– Daily practice of heavy lifting, near done to failure
– Cycling heavy, light and medium sessions
Both provided solid foundations of strength and built great physiques, as such there is a lot that we can learn from these teaching.
When it comes to those who like to lift heavy and often, picking 1-3 movements is all you need per session (focusing on those 1-3 for an extended period of time is also advised), it’s imperative you make sure you’re stopping well short of failure, as such this will mean each set is of limited repetitions and there is multiple sets (to get in the required volume to grow), you’ll leave the session feeling strong and potentially like you could have done more, don’t do more.
This style of training on the nerve can be quite taxing is you start chasing fatigue instead of performance, remember, you don’t want to start feeling tried/drained, if you do that means you’ve done too much and need to stop.
Take a deload every 3rd or 4th week, it will keep you lifting for longer.
The second option suit itself to many different goals, the former is more of a strength/performance method.
The use of H-L-M training sessions is a great way to train because it will allow you to have one session with maximal intensity, one that focuses on recovery and the last one that allows you to put ins one well needed work on volume/reps.
Some in the modern age call this method DUP (daily undulating periodisation).
The hardest thing about cycling is the temptation to make each session super hard and that’s not the idea, the light session is designed to let fatigue dissipate, hence why having it between the heavy and medium is ideal. You can also base your volume numbers off of your heavy day, for example:
H – worked up to a top set of 5
L – sets of 10 to increase blood flow and practice movement
M – 80% of the top 5 on heavy day for volume work to failure
You’d be surprised how well this works on either full body or split styles of training. The rep options you have for this are endless depending on your goal.
The reason the styles of method lost some favour over the years is because they didn’t fit in with the trend of ‘more is better’, it’s worth remembering that often times more is rarely better, it’s just more.
If you’re a little lost in your training give one of these a try, you’ll find not going for broke each session will not only keep you lifting longer but also give you focus and much needed progress.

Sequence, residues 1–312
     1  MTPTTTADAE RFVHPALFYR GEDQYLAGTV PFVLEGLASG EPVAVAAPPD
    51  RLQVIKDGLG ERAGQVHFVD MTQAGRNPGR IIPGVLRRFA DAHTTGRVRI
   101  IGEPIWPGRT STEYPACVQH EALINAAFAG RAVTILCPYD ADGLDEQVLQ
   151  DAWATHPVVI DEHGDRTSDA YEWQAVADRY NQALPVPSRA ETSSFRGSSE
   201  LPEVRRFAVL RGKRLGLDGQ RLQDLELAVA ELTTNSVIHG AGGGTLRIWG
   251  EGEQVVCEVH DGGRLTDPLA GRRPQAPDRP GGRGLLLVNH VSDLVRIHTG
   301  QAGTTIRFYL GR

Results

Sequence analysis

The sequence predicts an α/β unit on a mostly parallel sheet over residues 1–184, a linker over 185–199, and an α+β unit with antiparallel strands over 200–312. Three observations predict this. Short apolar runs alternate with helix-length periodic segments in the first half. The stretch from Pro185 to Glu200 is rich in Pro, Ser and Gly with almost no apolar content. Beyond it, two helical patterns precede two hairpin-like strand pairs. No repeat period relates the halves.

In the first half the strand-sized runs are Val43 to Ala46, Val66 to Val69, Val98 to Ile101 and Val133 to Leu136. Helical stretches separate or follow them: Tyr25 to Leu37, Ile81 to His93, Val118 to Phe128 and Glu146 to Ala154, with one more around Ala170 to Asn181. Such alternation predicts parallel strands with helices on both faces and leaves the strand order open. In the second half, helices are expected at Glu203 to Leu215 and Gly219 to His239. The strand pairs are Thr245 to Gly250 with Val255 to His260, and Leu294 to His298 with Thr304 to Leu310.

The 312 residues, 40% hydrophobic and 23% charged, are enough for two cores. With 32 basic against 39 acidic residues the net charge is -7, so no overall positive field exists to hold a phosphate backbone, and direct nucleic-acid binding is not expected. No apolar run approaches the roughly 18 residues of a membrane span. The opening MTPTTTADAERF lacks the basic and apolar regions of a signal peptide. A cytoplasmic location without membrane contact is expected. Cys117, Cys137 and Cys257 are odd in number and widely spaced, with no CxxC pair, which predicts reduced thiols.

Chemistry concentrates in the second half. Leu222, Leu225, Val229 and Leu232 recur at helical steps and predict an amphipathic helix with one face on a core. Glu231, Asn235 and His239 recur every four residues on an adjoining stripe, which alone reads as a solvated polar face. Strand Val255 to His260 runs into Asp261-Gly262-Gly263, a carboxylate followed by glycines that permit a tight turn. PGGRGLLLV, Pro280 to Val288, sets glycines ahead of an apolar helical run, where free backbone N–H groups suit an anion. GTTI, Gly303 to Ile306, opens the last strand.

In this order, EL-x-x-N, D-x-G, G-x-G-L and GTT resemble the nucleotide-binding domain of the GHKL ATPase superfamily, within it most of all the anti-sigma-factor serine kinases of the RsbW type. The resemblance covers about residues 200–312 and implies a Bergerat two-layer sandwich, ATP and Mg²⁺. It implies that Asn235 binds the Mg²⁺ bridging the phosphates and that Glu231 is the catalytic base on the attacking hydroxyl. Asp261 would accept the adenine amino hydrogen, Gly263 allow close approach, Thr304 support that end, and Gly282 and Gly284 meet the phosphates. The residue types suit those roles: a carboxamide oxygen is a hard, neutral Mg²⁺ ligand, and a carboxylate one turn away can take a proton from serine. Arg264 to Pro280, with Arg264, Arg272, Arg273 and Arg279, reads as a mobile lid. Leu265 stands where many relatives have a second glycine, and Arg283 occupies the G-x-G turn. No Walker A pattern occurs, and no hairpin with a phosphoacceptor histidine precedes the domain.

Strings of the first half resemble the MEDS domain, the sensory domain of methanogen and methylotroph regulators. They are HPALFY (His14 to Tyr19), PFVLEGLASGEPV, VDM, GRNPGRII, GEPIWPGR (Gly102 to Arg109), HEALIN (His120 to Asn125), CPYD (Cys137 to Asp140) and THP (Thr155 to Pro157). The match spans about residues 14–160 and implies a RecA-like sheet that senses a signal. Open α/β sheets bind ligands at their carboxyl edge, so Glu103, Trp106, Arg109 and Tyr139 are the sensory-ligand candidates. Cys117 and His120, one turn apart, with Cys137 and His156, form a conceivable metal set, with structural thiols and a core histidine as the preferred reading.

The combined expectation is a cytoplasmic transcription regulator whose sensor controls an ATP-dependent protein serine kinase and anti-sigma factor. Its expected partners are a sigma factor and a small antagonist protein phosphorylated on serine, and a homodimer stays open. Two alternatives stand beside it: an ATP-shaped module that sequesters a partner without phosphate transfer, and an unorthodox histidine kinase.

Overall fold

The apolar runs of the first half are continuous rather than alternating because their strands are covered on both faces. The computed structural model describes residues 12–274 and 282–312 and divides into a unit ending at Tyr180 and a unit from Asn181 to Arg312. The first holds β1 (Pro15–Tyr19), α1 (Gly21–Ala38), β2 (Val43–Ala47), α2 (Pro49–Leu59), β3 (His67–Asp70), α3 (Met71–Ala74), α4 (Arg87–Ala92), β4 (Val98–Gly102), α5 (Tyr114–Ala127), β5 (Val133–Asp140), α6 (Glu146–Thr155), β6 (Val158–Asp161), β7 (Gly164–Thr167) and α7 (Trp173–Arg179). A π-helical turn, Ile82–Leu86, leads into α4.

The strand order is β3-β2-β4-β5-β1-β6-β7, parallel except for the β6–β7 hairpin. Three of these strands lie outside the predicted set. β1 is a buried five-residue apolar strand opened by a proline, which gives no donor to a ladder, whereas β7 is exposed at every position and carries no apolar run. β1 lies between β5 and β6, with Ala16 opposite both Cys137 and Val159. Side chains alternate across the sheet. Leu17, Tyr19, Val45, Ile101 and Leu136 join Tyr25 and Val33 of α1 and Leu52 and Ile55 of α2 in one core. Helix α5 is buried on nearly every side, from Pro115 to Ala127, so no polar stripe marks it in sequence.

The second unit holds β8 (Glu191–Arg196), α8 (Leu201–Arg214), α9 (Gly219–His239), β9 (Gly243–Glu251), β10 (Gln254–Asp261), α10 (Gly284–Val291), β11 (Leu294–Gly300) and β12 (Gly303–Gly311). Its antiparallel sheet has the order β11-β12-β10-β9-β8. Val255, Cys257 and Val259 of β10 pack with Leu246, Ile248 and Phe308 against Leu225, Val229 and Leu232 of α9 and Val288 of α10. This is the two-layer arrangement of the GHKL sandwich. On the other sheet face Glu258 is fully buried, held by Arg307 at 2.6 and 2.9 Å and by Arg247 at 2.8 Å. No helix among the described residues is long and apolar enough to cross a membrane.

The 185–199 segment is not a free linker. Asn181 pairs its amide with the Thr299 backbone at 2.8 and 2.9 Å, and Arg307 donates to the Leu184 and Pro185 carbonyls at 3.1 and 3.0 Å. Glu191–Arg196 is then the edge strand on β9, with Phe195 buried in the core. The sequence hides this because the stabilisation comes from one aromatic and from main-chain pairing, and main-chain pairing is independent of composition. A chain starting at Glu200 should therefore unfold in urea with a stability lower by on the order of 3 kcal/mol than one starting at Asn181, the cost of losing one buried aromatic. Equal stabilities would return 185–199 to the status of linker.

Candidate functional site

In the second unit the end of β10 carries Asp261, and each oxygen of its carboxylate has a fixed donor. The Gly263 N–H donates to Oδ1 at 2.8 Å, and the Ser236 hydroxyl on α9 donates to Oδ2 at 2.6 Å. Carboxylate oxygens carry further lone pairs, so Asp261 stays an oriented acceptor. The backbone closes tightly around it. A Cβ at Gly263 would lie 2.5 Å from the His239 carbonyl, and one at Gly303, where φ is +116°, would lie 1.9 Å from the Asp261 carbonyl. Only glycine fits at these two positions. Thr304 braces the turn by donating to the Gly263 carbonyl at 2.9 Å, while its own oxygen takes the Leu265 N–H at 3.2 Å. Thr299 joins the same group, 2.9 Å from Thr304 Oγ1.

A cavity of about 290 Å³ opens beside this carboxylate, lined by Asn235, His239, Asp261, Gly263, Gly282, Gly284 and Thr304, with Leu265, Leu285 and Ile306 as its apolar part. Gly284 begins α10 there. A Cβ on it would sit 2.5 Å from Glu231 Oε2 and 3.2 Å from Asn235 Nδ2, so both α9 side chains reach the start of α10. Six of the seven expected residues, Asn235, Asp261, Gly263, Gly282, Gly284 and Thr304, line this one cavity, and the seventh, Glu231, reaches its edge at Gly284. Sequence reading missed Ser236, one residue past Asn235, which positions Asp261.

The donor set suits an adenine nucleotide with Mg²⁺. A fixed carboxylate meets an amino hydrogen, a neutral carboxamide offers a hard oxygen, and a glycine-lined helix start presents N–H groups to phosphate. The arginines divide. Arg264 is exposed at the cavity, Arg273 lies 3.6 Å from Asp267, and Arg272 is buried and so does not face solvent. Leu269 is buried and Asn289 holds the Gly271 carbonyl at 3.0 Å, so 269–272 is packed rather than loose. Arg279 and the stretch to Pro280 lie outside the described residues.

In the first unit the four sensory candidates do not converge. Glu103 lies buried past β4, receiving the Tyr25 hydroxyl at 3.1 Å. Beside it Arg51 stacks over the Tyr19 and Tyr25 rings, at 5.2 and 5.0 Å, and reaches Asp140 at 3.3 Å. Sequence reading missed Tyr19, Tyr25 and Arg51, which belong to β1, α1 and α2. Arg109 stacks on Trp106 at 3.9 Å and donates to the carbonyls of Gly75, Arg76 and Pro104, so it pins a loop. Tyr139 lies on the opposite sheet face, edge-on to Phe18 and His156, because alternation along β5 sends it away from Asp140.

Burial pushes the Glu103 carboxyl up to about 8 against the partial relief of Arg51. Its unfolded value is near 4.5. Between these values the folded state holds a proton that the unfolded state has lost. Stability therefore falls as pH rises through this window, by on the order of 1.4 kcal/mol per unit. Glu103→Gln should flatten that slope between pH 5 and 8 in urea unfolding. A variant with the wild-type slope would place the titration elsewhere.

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How to make progress: Part 2 – Overload

After the last post you know the importance of having a goal and numbers to go with said goal, next up is something a great many don’t achieve in their training.
In each session, or at the very minimum over time, you need to lift more than you did perviously so that you force the muscles to adapt, pretty simple.
The overload aspect of training is something that can easily be planned out and can happen in a great many ways, however regardless of which way you decide to achieve this you’ll find in the end these two factors will have increased:
– Total volume
– Intensity
It’s not uncommon to see people lifting the same weights for the same reps day in, day out and wonder why they don’t make any progress (it’s because they’re not stimulating the muscles and achieving overload).
With all the options, which is best?
The silent answer is this; the one that you can keep doing because it doesn’t bore you.
Perhaps a cop out answer however it’s a relevant one because with adherence and consistency nothing will work and you need to achieve progressive overload over a period of time to keep progressing, here are some examples:
– Linear progression with fractions plates: add 0.5kg each session, keep reps/set the same.
– Weekly undulating periodisation: (example weights) week1 5x5x100kg, week2 6x4x105kg, week3 8x3x110kg, use a heavier weight each week, then after 3 weeks go back to 5×5 and use a heavier weight than before.
– Rep/set progression: 3-5×6-12, start at 3×6, add a rep each session until you hit 3×12, then add a set and repeat until 4×12 is hit, then do it again until 5×12 is hit, then add weight and start it all over again.
As you can see, three simple yet very effective methods of achieving overload and while boring they work.
The biggest issue we face is that people want constant novelty in their training and while there is nothing inherently wrong with this, it can make overload hard to achieve if you don’t know what you’re doing.
Truth be told, you’ll find the most effective programs are usually the most boring.
Take a look at your training, do you achieve overload?
If you’re making progress then the answer is yes, if it’s no the you’re not, it’s that simple.
The key to progression is progression, find anyway to do more than you did.

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How to make progress, part 1: Specificity

It might seem obvious that needing a goal is key for making progress, however there are a lot of people who fail to set one, especially a specific one with trackable numbers.
You might there of people saying things like:
“I want to get bigger.”
“I want to lose weight.”
And so on.
While those are goals they’re not specific ones, and you’ll no doubt hear of people who never set specific goals because they don’t need to, however you’re not one of those people (the genetically gifted or PED users), you need specifics to make progress.
Having a designated goal based on a number will allow you the opportunity to reverse engineer your path to it and help you set weekly targets and the necessary steps to success.